Moving Beyond "Get a Facebook Page"

I’m not a huge proponent of libraries joining social networks. As I discussed in my post on Twitter, I think the pleasure of social networks is that they are social, the richness comes from interacting with friends, not becoming a fan of your library’s latest marketing ploy. I’m not sure creating and maintaining library profiles on social networking sites is a good use of staff time.

I also have doubts as to the potential for library profiles to reach teens or non-users. For my YA Lit class, I spent about an hour observing teens using the computers at the Oakland Public Library (granted, that’s not a big enough sample size for a truly scientific hypothesis). The teens did spend a lot of time on MySpace, but it was all spent looking at profiles, pictures, and comments on the pages of individual users – the teens were interested in gossip and interaction with their peers. In my own use of Social Networking sites, I have become a fan of things (celebrities, bookstores, and food items for example). But I almost immediately turn off the notifications, because I feel like I am getting spammed.

I do think that social networking provides a valuable paradigm for libraries though, and I believe that librarians (especially teen librarians) should create and maintain their own personal pages- not necessarily to share with the public, but in order to keep abreast of online culture. Libraries can take away great lessons about how to provide interaction on their own websites. Websites are more fun, more engaging, and more useful when people can personalize their own content and interact socially with others. Libraries have a great opportunity to make their online presence a rich user experience.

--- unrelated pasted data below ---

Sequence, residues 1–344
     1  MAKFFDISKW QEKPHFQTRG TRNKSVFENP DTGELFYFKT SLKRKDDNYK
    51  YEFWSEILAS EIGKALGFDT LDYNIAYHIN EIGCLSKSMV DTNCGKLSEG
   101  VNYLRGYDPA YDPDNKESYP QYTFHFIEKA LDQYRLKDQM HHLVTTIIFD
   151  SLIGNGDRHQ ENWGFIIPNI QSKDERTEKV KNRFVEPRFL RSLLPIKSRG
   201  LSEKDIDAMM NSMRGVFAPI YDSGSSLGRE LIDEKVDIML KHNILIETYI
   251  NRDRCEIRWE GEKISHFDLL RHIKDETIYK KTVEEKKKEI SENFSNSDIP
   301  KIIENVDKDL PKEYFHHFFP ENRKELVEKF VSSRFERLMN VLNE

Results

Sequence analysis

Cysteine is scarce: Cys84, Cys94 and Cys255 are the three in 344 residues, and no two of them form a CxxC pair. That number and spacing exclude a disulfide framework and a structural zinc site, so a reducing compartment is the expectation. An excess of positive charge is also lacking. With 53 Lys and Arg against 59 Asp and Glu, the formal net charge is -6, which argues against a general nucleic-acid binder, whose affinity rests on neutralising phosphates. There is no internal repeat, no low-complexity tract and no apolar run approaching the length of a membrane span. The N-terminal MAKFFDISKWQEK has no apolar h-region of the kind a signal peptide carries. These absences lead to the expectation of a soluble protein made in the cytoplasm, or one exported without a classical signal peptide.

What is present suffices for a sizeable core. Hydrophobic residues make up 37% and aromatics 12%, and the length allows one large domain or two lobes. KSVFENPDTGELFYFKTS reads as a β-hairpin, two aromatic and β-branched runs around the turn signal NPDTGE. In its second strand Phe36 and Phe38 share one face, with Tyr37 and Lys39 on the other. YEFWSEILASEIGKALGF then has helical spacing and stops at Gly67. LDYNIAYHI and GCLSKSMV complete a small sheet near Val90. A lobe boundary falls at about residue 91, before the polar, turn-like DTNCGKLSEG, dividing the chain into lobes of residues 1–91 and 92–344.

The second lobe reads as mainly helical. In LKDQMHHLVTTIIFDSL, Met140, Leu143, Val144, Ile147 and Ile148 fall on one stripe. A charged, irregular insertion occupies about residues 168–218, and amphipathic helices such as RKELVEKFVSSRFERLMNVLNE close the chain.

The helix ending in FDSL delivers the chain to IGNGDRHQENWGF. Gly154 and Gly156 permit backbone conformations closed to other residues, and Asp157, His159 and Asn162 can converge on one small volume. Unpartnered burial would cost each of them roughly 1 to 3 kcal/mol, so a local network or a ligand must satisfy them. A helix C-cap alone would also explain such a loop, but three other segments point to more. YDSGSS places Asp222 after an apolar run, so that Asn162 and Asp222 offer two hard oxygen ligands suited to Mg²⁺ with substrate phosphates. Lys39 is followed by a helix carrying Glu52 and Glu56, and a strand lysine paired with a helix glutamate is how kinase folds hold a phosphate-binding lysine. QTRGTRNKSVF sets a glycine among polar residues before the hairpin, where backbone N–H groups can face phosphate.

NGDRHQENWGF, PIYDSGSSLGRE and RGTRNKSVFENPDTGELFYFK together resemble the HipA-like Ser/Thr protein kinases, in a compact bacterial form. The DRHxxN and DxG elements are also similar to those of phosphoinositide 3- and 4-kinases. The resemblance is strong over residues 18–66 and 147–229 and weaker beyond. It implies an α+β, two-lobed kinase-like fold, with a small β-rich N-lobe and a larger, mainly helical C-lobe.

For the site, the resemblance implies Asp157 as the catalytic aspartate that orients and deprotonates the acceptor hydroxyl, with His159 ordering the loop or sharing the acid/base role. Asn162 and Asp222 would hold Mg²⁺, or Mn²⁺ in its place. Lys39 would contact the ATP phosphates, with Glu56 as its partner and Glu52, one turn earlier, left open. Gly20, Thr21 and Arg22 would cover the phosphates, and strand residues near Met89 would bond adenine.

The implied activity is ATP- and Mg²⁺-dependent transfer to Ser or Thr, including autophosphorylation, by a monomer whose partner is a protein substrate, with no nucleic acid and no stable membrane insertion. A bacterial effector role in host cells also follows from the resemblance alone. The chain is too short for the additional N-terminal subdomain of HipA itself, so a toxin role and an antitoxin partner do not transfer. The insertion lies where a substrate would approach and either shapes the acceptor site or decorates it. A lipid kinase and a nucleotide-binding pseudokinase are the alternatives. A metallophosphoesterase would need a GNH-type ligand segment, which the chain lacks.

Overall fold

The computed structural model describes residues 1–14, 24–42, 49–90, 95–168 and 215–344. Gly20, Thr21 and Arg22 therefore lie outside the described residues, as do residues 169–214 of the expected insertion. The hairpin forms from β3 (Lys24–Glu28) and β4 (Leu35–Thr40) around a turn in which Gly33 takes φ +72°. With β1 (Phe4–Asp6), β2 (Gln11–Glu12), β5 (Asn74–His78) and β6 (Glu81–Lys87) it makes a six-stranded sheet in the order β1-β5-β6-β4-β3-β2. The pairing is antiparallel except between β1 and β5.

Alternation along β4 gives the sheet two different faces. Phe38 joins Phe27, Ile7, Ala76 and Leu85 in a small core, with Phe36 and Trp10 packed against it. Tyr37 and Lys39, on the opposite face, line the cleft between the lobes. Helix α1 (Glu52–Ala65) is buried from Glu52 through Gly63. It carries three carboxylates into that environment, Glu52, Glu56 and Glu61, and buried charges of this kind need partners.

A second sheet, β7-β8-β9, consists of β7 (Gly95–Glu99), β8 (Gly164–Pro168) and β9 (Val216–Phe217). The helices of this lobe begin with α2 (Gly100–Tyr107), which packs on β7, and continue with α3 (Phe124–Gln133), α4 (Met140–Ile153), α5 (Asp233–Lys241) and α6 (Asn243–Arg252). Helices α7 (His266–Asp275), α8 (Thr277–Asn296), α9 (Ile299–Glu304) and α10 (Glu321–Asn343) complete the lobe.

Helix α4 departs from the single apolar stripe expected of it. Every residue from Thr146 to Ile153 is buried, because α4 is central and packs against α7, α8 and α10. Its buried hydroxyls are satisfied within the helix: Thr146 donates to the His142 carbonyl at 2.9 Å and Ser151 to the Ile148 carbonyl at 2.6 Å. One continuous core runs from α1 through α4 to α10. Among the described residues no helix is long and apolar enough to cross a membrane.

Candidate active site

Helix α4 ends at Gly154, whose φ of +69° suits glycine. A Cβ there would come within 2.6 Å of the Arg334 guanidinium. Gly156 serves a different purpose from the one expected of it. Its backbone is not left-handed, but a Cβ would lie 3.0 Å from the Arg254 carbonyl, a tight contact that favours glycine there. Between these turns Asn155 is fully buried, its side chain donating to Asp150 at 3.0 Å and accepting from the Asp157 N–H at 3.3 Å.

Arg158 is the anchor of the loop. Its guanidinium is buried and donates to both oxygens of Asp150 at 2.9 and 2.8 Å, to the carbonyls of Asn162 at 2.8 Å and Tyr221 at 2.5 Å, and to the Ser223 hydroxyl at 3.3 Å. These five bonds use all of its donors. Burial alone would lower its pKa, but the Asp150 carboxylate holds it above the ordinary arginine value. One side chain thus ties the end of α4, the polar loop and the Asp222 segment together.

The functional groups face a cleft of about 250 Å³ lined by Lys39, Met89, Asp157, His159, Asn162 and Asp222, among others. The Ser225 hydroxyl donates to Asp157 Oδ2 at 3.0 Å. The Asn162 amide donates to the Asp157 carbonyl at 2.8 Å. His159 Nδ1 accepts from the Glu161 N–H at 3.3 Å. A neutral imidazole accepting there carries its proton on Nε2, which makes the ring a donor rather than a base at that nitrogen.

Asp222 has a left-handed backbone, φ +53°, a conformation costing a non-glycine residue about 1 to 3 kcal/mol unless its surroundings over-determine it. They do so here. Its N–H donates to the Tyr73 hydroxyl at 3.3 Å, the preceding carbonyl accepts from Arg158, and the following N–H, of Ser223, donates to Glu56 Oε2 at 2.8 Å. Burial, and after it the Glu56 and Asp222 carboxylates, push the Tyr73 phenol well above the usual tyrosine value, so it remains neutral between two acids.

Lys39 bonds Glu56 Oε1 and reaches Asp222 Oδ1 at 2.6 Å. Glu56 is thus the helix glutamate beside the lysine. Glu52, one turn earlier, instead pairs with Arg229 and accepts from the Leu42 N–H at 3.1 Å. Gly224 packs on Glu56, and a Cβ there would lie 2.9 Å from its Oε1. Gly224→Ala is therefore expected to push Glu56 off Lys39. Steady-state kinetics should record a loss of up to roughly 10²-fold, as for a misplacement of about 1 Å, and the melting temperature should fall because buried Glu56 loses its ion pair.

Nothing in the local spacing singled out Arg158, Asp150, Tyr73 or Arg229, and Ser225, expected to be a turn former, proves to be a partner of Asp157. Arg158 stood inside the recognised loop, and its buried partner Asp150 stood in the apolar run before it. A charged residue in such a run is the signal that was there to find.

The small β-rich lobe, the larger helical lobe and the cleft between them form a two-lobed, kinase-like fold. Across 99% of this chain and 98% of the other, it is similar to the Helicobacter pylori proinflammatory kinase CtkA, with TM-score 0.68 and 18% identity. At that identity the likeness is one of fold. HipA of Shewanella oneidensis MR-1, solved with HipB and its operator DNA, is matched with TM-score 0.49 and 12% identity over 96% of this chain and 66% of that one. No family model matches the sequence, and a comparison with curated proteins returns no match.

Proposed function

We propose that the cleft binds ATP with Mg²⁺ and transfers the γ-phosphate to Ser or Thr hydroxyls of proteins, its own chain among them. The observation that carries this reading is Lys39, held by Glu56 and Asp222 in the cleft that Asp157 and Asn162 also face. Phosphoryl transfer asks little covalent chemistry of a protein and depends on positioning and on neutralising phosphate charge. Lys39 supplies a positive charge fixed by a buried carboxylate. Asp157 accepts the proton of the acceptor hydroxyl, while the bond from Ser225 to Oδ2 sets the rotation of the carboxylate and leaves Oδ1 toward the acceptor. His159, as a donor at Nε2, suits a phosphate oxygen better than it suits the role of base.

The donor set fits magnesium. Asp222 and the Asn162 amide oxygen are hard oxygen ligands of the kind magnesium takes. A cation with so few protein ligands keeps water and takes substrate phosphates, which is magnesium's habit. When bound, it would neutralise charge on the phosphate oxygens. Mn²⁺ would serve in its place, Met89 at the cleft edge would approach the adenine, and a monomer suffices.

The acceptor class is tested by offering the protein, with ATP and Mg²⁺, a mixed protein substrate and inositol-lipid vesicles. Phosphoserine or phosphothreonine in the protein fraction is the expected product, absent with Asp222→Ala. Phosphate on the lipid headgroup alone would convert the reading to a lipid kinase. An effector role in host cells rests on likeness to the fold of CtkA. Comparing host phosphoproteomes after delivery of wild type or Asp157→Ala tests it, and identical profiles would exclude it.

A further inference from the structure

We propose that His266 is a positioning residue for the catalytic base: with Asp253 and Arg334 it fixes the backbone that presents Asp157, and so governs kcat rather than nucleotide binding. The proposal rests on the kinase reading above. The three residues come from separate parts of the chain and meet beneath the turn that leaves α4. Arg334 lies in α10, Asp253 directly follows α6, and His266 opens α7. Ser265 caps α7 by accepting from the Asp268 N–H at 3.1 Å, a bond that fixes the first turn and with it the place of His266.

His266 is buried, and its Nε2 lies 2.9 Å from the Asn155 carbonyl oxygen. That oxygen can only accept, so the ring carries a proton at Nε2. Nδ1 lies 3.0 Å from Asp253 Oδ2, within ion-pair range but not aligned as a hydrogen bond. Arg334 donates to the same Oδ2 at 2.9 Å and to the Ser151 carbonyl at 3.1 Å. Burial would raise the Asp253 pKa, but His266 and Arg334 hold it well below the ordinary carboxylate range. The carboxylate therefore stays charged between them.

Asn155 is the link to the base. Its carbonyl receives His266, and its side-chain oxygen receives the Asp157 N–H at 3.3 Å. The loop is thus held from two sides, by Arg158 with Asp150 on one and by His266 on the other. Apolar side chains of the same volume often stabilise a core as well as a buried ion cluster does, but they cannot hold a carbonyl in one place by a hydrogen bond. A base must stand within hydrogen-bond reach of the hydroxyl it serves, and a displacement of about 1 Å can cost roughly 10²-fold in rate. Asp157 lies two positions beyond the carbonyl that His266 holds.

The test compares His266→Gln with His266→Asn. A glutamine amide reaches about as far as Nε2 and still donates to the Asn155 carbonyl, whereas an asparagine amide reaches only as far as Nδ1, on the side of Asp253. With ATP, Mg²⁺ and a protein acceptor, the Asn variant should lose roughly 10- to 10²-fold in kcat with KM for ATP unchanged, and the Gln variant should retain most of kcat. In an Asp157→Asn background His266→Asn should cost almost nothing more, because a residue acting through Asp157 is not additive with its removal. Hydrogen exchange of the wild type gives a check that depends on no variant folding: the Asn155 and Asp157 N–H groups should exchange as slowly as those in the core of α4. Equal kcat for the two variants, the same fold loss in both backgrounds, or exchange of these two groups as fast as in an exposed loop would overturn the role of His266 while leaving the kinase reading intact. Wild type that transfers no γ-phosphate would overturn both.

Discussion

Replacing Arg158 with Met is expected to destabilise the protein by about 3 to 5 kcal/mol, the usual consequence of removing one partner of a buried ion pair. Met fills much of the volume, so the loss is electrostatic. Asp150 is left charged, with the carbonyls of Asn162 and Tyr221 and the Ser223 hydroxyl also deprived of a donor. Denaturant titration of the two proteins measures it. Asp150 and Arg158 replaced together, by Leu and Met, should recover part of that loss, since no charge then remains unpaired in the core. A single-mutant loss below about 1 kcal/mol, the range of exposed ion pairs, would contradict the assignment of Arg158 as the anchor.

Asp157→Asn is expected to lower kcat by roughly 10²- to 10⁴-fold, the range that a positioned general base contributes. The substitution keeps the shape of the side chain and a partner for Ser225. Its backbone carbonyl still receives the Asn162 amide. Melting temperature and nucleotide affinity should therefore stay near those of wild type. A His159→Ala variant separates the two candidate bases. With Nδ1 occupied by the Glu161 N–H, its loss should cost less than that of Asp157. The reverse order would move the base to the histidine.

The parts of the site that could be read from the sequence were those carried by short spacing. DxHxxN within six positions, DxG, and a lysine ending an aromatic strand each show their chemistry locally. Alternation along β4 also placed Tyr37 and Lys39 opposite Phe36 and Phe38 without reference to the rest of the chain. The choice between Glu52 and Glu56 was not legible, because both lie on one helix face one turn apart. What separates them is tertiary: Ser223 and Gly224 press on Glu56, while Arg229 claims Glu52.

I think libraries are falling behind a bit in the online world because they are trumped by Google and Wikipedia in terms of providing fast access to quick and dirty information. Libraries need to pump up their presence in order to remind people that there are different ways to answer information requests, and that the library is a valuable resource in many quests for knowledge. So if libraries need to pump up their presence on the web, what can they do besides creating profiles on sites where many people congregate? I was very intrigued by the idea of creating library widgets. This seems like a way the library can reach more users and further the goal of being a great information resource. If I can make a library search box, a list of books I’ve recently checked out, or an ask a librarian widget on my page, I show my support for the library to all my friends, add content that’s personal to me, and create a way for people to click back to the library website.

Libraries and librarians need to take and use the deeper lessons taught by the popularity of social networking. There are endless possibilities for patron and community service if we can get away from the idea that Library 2.0 means “Get a Facebook Page.”


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